We are told a lot of things to justify keeping animals in captivity. But are these justifications based on fact, or are they simply what zoos would have us believe?
Zoos exist for conservation:
While some zoos may contribute in small ways to conservation projects, the vast majority of animal species in zoos are not on the endangered list, and the ones who are will likely never be rehabilitated to their natural habitat. A study conducted by Captive Animal Protection Society (CAPS) found that almost half of the animals in breeding programs in the EU were not even endangered in the wild.
The truth is that zoos exist primarily for profit. One of the biggest draw cards for zoos is baby animals. Babies will often be bred even when there isn’t enough room to keep them, inevitably resulting in “surplus” animals. Surplus management strategies are one of the best-kept secrets of modern zoos. In 2014, the world reacted with shock and outrage when a healthy two-year-old giraffe named Marius was killed and cut up in front of spectators at Copenhagen Zoo. His body was then fed to the lions.
Fact: Zoos exist for profit.
Zoos are the best way to learn about animals:
A zoo can teach you a lot about how animals behave in captivity but will teach you very little about the behavior of animals in the wild. Even though most modern zoos make efforts to offer animals a more natural environment, most captive animals are unable to live in a way that they would naturally and some may even be on medication to alter their behavior.
Perhaps those who visit zoos recognise this. A study of visitor behaviour at four zoos in the U.S. found that only six percent of visitors said they go to a zoo to learn more about animals, while 86 percent of visitors said they went to the zoo for “social or recreational purposes.”
Fact: The best way to learn about animals is in their natural habitat.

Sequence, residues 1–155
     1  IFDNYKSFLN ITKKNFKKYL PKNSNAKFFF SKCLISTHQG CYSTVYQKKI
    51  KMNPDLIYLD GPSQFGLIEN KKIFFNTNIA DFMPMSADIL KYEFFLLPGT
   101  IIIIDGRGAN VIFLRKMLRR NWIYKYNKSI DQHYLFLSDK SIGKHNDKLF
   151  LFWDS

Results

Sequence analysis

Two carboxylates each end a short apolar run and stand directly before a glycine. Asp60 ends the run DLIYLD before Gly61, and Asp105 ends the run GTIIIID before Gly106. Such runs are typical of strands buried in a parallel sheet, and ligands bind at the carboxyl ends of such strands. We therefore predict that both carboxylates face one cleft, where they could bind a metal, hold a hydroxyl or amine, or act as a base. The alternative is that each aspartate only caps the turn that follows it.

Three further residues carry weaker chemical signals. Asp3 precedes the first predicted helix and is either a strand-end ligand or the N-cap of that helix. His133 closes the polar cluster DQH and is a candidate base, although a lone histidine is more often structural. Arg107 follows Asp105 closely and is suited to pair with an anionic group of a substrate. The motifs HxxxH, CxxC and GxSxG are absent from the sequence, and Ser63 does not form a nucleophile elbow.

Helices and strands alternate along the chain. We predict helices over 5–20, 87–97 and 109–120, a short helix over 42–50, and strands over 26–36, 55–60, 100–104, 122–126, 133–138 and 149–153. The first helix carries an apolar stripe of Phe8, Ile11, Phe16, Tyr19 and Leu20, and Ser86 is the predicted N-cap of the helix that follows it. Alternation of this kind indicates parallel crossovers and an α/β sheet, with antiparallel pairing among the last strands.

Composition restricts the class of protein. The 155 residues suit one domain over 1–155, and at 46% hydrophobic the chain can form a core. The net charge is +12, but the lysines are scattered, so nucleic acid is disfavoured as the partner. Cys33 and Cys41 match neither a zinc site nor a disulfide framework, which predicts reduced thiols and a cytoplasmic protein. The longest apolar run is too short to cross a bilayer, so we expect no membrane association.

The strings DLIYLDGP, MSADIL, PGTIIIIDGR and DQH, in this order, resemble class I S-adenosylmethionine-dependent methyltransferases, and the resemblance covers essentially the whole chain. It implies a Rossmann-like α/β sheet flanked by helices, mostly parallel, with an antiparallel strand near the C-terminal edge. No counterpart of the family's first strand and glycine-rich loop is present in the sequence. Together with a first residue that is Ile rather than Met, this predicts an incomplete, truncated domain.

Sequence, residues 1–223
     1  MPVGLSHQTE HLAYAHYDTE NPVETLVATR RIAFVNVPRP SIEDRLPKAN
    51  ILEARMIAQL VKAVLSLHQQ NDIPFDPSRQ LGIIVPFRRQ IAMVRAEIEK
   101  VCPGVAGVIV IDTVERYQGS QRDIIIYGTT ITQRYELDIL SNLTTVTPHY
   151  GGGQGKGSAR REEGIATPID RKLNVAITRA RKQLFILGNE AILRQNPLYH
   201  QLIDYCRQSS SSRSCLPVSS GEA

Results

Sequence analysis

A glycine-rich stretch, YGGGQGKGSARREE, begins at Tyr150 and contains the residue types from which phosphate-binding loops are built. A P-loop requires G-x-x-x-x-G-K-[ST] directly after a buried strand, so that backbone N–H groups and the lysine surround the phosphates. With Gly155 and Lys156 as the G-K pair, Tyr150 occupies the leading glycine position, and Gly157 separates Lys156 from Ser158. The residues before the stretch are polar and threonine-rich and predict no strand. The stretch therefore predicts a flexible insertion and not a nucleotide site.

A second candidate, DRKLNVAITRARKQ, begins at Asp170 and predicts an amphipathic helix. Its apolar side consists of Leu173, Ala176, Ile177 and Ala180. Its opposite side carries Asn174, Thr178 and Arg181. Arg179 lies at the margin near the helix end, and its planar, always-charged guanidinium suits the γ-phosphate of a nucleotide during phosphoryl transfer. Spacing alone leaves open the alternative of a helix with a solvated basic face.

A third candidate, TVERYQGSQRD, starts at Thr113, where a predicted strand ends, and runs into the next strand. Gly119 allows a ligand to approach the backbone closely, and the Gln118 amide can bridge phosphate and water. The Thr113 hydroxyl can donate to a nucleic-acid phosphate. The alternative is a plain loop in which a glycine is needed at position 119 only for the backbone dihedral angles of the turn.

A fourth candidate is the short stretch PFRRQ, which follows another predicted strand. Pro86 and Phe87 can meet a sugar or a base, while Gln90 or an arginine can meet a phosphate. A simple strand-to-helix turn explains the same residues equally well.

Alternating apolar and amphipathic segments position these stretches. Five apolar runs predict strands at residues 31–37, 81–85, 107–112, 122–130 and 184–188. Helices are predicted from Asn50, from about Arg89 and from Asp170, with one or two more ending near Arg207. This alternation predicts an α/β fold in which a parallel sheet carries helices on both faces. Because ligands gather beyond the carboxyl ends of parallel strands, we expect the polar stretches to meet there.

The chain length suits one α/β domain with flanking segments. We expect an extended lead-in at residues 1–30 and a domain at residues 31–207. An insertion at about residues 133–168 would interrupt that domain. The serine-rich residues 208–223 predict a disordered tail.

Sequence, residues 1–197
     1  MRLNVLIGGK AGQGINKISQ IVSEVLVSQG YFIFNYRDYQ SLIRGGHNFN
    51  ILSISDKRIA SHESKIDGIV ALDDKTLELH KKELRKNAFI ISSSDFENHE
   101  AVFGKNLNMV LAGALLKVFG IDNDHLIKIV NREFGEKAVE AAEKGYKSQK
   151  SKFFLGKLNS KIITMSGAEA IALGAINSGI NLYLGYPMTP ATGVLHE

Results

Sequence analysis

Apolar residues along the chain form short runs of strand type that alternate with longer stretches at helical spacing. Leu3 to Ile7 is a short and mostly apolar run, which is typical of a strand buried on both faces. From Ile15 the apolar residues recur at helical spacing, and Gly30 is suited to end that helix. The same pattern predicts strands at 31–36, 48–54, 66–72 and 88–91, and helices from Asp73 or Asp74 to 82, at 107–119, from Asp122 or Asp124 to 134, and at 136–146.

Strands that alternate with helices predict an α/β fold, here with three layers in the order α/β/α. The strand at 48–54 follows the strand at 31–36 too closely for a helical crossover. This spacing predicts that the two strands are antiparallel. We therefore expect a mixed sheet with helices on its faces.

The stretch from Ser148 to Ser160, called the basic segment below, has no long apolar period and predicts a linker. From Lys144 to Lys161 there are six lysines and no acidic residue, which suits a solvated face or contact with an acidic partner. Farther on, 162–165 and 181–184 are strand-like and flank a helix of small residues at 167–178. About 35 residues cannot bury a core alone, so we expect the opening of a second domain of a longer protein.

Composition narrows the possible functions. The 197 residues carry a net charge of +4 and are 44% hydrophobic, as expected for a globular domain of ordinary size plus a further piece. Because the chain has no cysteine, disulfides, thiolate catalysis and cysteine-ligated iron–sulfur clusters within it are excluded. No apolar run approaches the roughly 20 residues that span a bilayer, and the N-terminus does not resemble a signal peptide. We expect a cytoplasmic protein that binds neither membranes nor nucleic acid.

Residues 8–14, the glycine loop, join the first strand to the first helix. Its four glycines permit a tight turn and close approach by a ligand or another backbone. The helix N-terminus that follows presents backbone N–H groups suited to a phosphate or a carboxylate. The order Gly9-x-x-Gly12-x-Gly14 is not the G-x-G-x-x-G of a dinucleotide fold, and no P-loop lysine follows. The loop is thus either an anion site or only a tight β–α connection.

Zoos are a ‘normal’ part of society:
There is nothing natural about a penguin, giraffe or elephant living in the middle of an Australian city. We’ve come to accept this as part of normal society. It’s only when things go wrong that we’re reminded that a city zoo is no place for an animal.
Just this year, a flood in Georgia destroyed enclosures at the Tbilisi Zoo and saw dozens of zoo animals unleashed on the streets, including lions, bears, wolves and a hippo.
The flood in Tbilisi saw zoo enclosures destroyed and animals loosed onto the streets.
“Some 20 wolves, eight lions, white tigers, tigers, jackals, jaguars have either been shot dead by special forces or are missing.”
–Mzia Sharashidze, Tbilisi Zoo spokeswoman
Fact: There is nothing “normal” about zoos. Wild animals belong in the wild, not captive in cities.
Animals in zoos are happy:
Animals in captivity across the globe have been documented displaying signs of anxiety and depression. In fact, psychological distress in zoo animals is so common that it has its own name: Zoochosis.
Zoochosis can include rocking, swaying, excessively pacing back and forth, circling, twisting of the neck, self-mutilation, excessive grooming, biting, vomiting and copraphagia (consuming excrement).
These traits are largely uncommon amongst healthy and happy animals in the wild. When kept in captivity, animals are deprived of the ability to express their natural desires and the effect this can often have on their mental and emotional health is tragically clear in the form of zoochosis. Such behavior, when exhibited by confined or disturbed animals in other situations, is often referred to as “stereotypic” behavior and is recognised by scientists as a clear indicator of severe animal welfare issues.
FACT: Living in captivity has been found to lead some animals to neurosis and depression.